Intellectual freedom in Canada: Post-modernism the key threat?
Recently, a few of us were discussing the angry tone of new atheist works - short on ideas, long on resentment. A friend, Rob Sheldon, writes to say,
I think the 20th century was all about rationalism and modernism, the 21st century seems to be shaping up post-modernist and irrational.He notes that, like me, he enjoyed Jonah Goldberg's Liberal Fascism, but recalls that historical fascism (for example, Hitler and Stalin) relied upon materialism and rationalism for their anti-God propaganda. However, he writes, post–modern philosophy is not only anti-God, it is anti-rational :
I've blogged extensively on PoMo, and concluded it is essentially polytheistic. This is the phrase Paul Johnson uses to describe the multiple absolutes of feminism, eco-terrorism, abortion rights, gay rights, etc. And in polytheism, rationality is not a virtue (for it would suggest there was a single absolute that ruled all nature). So what replaces rationality?Very interesting. I believe Rob is on to something here.
Peter Woods explained it in an essay "A Bee in the Mouth", as "authenticating anger". What Dawkins and Dennett and Hitchens and Harris all have is "authenticity". That's why they are rock stars.
Modernism took root in the monotheistic societies of the West, and thus it inherited the passion for order, system, and method that drove, for example, Thomas Aquinas's Summa or Dante's Divine Comedy. Given a reliable source of mechanical power, one can, of course, apply the same passion to a factory as to a work of theology or literature - et voila! modern technology.
But things were not always this way in the West. The classical tales about the gods of Greek and Roman mythology from thousands of years ago were heavily edited by later, monotheistic storytellers, so that they would "work" as stories. Compare the modernized versions with, say, the meltdown of mess described in the Meridian handbook to classical mythology. Every village had its own gods, its own passions, and its own narratives. Order, system, and method were not even goals in those days.
Modernists certainly persecuted people by the millions in the twentieth century. But one could predict the direction from which their persecution would come. For example, the modernist might be convinced that "miracles never occur" so the Catholic Church (which requires an authenticated miracle before declaring a saint) is high on the modernist's hit list.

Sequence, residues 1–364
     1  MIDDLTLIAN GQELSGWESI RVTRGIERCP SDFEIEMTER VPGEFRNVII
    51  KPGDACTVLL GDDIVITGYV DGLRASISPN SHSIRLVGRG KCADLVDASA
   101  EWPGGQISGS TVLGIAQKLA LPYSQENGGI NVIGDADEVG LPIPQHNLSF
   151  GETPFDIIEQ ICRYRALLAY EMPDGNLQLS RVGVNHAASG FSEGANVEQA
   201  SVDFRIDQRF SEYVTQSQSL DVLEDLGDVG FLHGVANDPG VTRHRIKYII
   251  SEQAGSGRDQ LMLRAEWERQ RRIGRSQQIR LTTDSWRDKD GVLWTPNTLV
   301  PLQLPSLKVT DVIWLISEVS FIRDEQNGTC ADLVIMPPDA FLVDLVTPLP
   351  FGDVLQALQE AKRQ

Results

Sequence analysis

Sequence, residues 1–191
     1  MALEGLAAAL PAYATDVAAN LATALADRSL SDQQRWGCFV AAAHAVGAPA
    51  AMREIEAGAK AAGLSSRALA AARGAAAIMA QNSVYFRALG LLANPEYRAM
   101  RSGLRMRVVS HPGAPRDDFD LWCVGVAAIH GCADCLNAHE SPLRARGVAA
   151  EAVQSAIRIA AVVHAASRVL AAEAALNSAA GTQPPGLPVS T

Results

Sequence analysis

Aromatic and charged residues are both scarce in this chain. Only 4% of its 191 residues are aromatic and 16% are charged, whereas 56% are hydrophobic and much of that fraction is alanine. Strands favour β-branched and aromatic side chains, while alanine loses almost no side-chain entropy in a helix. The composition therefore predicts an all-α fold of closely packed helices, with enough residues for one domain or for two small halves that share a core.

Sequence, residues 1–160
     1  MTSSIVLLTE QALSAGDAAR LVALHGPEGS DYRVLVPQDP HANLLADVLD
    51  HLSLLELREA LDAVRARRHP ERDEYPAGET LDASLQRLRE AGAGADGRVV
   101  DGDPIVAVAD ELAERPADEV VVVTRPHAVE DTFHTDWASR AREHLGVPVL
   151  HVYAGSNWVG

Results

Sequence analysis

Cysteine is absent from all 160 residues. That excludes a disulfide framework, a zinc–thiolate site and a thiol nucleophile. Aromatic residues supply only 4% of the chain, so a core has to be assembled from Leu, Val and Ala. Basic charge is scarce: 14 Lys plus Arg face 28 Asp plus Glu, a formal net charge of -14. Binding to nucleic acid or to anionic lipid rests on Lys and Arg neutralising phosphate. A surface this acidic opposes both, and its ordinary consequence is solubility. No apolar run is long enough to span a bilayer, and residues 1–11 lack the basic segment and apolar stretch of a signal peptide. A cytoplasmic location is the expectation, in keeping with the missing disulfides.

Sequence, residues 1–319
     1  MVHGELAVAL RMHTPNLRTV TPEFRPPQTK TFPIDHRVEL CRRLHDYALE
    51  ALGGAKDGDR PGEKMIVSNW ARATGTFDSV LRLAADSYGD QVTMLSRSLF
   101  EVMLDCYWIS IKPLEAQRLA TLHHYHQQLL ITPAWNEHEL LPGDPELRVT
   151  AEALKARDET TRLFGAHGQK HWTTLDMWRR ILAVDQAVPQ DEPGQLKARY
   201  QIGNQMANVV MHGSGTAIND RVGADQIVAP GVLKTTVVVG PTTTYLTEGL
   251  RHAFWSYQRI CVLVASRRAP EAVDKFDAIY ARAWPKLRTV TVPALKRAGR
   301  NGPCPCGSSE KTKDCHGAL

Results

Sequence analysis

But in a post-modernist age, authenticating anger is the key criterion. So one never knows for sure from what direction the persecution will come. It could be animal rights, women's rights, gay rights, ethnic pride - there is no longer a single coherent narrative, just a bunch of angry people who want the government to fix their perceived enemies.
Peter Vere, who - as Kathy Shaidle's co-author - has just released The Tyranny of Nice, makes clear where this leads:
In the name of nice, Canada’s government is silencing Christians and pro-lifers from voicing opinions that others might find offensive. This prohibition applies even when one’s opinion is grounded in Christian truth and charity. Stating that the child in the womb is a human being is one such opinion being floated as potentially hateful. And now that Canadian law has redefined marriage to include same-sex couplings, to state publicly that marriage is between a man and a woman can lead to thousands of dollars in fines and possible jail sentences.Note that the modernist state did not actually persecute Christians for differing with other citizens on abortion. But then the modernist state had a coherent political narrative that permitted tolerance.
The post-modernist state has masses of grievance groups, anxious to target anyone who gives them anxiety.
This is indeed somewhat like polytheism. With no organized theology, polytheists had no way of knowing whether they might have unwittingly offended a god. We post-modernists have no way of knowing if we have offended a grievance group. I say, with Ezra Levant, Fire. Them. All.
Meanwhile, here is Achmed the Dead Terrorist, explaining his own gripes and grievances:
Being dead is evidently a bummer. My favourite line: "You don't have an ass any more, you fool!"